A liquid is a nearly incompressible fluid that conforms to the shape of its container but retains a (nearly) constant volume independent of pressure. As such, it is one of the four fundamental states of matter, and is the only state with a definite volume but no fixed shape. A liquid is made up of tiny vibrating particles of matter, such as atoms, held together by intermolecular bonds. Like a gas, a liquid is able to flow and take the shape of a container. Most liquids resist compression, although others can be compressed. Unlike a gas, a liquid does not disperse to fill every space of a container, and maintains a fairly constant density. A distinctive property of the liquid state is surface tension, leading to wetting phenomena. Water is by far the most common liquid on Earth.

The viscous stress tensor is a tensor used in continuum mechanics to model the part of the stress at a point within some material that can be attributed to the strain rate, the rate at which it is deforming around that point.

Rheological weldability (RW) of thermoplastics considers the materials flow characteristics in determining the weldability of the given material. The process of welding thermal plastics requires three general steps, first is surface preparation. The second step is the application of heat and pressure to create intimate contact between the components being joined and initiate inter-molecular diffusion across the joint and the third step is cooling. RW can be used to determine the effectiveness of the second step of the process for given materials.

<span class="mw-page-title-main">Time-dependent viscosity</span> Property of certain fluids to change viscosity over time

In continuum mechanics, time-dependent viscosity is a property of fluids whose viscosity changes as a function of time. The most common type of this is thixotropy, in which the viscosity of fluids under continuous shear decreases with time; the opposite is rheopecty, in which viscosity increases with time.

Biofluid dynamics may be considered as the discipline of biological engineering or biomedical engineering in which the fundamental principles of fluid dynamics are used to explain the mechanisms of biological flows and their interrelationships with physiological processes, in health and in diseases/disorder. It can be considered as the conjuncture of mechanical engineering and biological engineering. It spans from cells to organs, covering diverse aspects of the functionality of systemic physiology, including cardiovascular, respiratory, reproductive, urinary, musculoskeletal and neurological systems etc. Biofluid dynamics and its simulations in computational fluid dynamics (CFD) apply to both internal as well as external flows. Internal flows such as cardiovascular blood flow and respiratory airflow, and external flows such as flying and aquatic locomotion. Biological fluid Dynamics involves the study of the motion of biological fluids. It can be either circulatory system or respiratory systems. Understanding the circulatory system is one of the major areas of research. The respiratory system is very closely linked to the circulatory system and is very complex to study and understand. The study of Biofluid Dynamics is also directed towards finding solutions to some of the human body related diseases and disorders. The usefulness of the subject can also be understood by seeing the use of Biofluid Dynamics in the areas of physiology in order to explain how living things work and about their motions, in developing an understanding of the origins and development of various diseases related to human body and diagnosing them, in finding the cure for the diseases related to cardiovascular and pulmonary systems.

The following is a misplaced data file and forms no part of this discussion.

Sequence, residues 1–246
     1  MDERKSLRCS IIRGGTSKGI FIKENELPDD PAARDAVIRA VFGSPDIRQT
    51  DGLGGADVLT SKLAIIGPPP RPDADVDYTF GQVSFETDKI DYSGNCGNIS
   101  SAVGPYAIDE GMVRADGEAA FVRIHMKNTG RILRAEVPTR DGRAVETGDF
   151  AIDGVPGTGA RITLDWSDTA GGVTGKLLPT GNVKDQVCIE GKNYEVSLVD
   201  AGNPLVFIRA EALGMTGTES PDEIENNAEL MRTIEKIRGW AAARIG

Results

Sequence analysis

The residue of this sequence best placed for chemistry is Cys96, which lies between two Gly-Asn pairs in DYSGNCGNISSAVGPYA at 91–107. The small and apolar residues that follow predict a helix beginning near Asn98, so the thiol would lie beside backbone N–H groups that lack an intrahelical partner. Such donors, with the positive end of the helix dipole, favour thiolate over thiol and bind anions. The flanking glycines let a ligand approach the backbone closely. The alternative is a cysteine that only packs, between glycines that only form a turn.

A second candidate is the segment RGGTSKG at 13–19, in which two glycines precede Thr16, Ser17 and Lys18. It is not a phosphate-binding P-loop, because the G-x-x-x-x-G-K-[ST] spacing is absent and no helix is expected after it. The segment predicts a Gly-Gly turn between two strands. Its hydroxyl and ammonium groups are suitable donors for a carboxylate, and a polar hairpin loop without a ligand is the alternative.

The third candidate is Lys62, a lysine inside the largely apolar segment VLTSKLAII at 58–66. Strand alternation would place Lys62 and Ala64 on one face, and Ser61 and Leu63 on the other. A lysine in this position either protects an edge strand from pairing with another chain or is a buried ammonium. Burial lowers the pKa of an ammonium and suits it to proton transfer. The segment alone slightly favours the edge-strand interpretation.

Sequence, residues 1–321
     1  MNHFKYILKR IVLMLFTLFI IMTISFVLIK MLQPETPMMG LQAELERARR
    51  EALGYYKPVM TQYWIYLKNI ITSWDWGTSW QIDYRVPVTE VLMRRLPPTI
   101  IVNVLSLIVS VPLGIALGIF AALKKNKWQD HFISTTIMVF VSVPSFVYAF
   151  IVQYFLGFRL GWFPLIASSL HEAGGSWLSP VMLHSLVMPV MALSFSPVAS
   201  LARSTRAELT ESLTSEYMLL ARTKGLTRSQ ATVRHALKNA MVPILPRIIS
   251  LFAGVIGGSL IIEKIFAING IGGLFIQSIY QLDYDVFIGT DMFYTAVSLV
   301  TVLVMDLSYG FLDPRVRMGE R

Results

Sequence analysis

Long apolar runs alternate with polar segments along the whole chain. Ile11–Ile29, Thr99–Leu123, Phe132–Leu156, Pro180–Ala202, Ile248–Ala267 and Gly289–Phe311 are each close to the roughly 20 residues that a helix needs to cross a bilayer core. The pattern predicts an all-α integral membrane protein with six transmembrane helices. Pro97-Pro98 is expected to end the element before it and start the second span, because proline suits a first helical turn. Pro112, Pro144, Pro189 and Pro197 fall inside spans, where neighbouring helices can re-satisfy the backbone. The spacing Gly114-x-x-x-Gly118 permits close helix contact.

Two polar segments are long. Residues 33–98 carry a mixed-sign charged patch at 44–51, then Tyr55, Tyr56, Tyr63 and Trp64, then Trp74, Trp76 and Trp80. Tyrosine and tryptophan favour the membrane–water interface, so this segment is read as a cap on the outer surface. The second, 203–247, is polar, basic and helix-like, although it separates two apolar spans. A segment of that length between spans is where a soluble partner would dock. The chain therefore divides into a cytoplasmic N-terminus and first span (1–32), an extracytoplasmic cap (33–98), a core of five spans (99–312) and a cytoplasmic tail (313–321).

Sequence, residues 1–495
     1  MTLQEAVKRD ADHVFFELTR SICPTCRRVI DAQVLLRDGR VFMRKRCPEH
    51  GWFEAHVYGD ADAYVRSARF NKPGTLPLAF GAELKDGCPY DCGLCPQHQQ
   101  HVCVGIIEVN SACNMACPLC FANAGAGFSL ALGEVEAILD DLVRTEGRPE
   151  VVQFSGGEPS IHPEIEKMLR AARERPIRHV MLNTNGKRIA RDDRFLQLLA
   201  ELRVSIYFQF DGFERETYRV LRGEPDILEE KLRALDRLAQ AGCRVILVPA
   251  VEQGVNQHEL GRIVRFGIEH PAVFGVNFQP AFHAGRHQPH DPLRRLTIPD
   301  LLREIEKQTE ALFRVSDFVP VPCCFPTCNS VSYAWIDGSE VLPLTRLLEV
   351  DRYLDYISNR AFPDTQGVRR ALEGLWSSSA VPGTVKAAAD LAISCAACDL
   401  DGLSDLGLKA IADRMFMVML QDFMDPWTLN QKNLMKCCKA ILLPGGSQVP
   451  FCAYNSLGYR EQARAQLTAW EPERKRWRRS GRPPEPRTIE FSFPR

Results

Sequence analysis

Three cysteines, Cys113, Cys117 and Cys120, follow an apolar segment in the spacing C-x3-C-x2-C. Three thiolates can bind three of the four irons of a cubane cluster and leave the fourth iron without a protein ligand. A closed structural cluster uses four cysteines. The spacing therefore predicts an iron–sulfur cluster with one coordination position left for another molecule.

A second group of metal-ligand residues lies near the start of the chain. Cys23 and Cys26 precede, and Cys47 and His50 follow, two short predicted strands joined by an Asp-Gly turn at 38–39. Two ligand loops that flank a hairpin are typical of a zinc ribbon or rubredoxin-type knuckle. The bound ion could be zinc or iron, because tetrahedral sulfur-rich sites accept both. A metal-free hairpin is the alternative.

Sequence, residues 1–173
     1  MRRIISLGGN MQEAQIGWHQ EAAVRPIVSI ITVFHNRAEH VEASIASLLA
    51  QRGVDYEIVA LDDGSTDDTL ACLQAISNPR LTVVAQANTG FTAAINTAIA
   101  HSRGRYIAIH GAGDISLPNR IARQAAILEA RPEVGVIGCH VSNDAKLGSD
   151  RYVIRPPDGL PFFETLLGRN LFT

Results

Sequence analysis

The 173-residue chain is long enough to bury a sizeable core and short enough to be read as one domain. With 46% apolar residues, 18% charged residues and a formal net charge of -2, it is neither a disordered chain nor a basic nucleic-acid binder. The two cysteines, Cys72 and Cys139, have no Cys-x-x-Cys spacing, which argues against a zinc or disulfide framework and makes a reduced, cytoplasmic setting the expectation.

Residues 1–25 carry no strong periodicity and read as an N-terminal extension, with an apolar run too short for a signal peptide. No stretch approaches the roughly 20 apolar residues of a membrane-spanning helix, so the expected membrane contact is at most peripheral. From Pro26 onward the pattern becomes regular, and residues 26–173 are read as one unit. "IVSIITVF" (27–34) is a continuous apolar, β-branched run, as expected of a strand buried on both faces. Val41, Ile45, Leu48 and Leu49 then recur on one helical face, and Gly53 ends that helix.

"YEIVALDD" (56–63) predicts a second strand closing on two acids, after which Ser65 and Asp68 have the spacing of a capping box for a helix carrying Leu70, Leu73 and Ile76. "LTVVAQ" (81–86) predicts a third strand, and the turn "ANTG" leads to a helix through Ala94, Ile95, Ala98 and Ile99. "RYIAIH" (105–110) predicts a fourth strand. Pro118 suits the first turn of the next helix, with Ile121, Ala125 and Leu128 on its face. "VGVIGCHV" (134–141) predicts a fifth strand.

1. "Fluid | Definition, Models, Newtonian Fluids, Non-Newtonian Fluids, & Facts". Encyclopedia Britannica. Retrieved 2 June 2021.
  2. Thayer, Ann (2000). "What's That Stuff? Silly Putty". Chemical & Engineering News. American Chemical Society (published 2000-11-27). 78 (48): 27. doi:10.1021/cen-v078n048.p027. Archived from the original on 2021-05-07.
  3. Kroen, Gretchen Cuda (2012-04-11). "Silly Putty for Potholes". Science. Retrieved 2021-06-23.
  4. Example (in the title): Berdyugin, A. I.; Xu, S. G. (2019-04-12). F. M. D. Pellegrino, R. Krishna Kumar, A. Principi, I. Torre, M. Ben Shalom, T. Taniguchi, K. Watanabe, I. V. Grigorieva, M. Polini, A. K. Geim, D. A. Bandurin. "Measuring Hall viscosity of graphene's electron fluid". Science. 364 (6436): 162–165. arXiv: 1806.01606 . Bibcode:2019Sci...364..162B. doi:10.1126/science.aau0685. PMID   30819929. S2CID   73477792.
  5. "Fluid (B.1.b.)". Oxford English Dictionary. Vol. IV F–G (1978 reprint ed.). Oxford: Oxford University Press. 1933 [1901]. p. 358. Retrieved 2021-06-22.
  6. "body fluid". Taber's online – Taber's medical dictionary. Archived from the original on 2021-06-21. Retrieved 2021-06-22.
  7. Usage example: Guppy, Michelle P B; Mickan, Sharon M; Del Mar, Chris B (2004-02-28). ""Drink plenty of fluids": a systematic review of evidence for this recommendation in acute respiratory infections". BMJ. 328 (7438): 499–500. doi:10.1136/bmj.38028.627593.BE. PMC   351843 . PMID   14988184.
  8. "What is Fluid Power?". National Fluid Power Association. Archived from the original on 2021-06-23. Retrieved 2021-06-23. With hydraulics, the fluid is a liquid (usually oil)